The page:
A Letter to the Nurses and Aides of 10 West

Dear Nurses and Aides of 10 West, Danbury Hospital,

I want to thank you.  I want you tell you that your care and compassion made what was a particularly frightening time in our life bearable. I want you to know that  you made a difference. in what  was a very scary time for us.

When my daughter was hospitalized  for 5 days being totally paralyzed from the neck down, we were terrified. My mind was spinning with thoughts of a stroke, of Gulliane-Barr disease, of all kinds of terrible things.  We were somewhat relieved to find that there was no “organic” disease shown, but a symptom of mental illness, Conversion Disorder.  According to  MayoClinic,com,  Conversion disorder, also called functional neurological symptom disorder, is a condition in which you show psychological stress in physical ways. The condition was so named to describe a health problem that starts as a mental or emotional crisis — a scary or stressful incident of some kind — and converts to a physical problem. Her paralysis was real, You never doubted her.

I don’t know how many people you have to deal with on your floor with mental illness, but I can tell you that the way you treated my daughter was spot on. Upon the diagnoses that  her anxiety was causing her physical symptoms, her first fear was, “No one’s going to believe me, they are going to think I made this all up”.  Sadly she  thought this because she has been through the exact same things before- even  at your hospital, when a neurologist told her “it was all in her head”.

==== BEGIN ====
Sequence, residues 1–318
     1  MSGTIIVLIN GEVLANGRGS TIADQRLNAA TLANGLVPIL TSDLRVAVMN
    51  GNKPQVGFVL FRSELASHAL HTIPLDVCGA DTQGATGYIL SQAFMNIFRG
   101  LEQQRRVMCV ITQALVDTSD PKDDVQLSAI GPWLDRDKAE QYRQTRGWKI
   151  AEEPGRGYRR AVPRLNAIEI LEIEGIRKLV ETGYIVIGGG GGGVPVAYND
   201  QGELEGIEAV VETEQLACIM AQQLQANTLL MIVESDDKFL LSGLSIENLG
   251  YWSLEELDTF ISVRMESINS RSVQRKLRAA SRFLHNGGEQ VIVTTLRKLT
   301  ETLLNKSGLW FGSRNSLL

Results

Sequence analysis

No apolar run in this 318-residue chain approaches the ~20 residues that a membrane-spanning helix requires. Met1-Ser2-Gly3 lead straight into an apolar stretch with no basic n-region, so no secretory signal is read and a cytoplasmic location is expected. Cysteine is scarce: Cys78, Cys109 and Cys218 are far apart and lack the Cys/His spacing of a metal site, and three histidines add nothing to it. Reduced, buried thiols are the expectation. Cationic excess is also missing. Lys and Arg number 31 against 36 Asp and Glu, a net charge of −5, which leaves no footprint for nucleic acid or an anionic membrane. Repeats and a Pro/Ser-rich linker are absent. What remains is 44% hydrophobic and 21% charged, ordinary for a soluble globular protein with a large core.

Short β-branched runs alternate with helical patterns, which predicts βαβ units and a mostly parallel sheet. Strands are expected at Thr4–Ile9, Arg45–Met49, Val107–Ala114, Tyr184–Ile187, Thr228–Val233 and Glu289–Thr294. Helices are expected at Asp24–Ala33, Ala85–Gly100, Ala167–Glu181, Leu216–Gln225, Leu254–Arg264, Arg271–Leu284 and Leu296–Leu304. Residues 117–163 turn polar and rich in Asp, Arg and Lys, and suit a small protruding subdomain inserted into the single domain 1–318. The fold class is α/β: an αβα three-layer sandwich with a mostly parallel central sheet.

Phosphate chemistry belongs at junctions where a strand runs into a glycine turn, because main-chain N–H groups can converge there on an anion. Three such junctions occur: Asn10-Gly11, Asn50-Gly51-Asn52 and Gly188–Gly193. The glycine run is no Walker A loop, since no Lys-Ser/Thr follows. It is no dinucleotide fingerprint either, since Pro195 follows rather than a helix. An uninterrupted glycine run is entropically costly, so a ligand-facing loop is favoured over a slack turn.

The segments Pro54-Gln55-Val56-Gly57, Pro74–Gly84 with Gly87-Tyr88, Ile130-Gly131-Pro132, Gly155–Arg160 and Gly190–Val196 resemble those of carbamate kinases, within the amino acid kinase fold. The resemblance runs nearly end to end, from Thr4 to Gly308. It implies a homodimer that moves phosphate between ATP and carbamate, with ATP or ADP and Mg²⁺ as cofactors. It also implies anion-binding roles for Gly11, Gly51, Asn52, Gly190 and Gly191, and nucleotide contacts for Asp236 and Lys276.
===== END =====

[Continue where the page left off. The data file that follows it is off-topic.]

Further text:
You let her know that no matter her diagnoses, you cared. You believe her. When she was at her most vulnerable and frightened, each one of you took the time to reassure her. Every time she apologized for needing care,  you looked her in the eye  and told her that she had nothing to be sorry for. She was sick, and needed care. You were there to care for her.

I can tell you as the mother of a child, now young adult with  mental illness, so many times I’ve heard  that her illness isn’t as “bad” or “scary” or “dangerous” as other illnesses.  I can also tell you that is most certainly is as bad, as in not being able to leave the house for days- or even not being able to move, as scary as thinking that there is not reason to go on living because your depression is so bad, and dangerous as a suicide attempt.  There shouldn’t be quantifiers on illness, and you didn’t place any, You just gave excellent care.

You talked to us both through our nighttime fears.  You apologized when you had to give her shots of heparin in her stomach to help be sure she didn’t get blood clots because she couldn’t move, and you celebrated with us each tiny improvement, even when it was just a tiny wiggle of a finger.  You helped us in so any way, but most of all, for treating us like any other patient – and by showing us that you cared.

So Sandara, Danielle, Shannon, Julietea,  Anne, David, Chelsea, Marcia, Mahabaha, Yannible & Kristen,  on those days where you are running ragged in an understaffed hospital thinking that you aren’t doing anything right, please please know, you are.  Please know that the love and care that you gave truly made a difference to us. Patients are lucky to have you. WE were lucky to have you.

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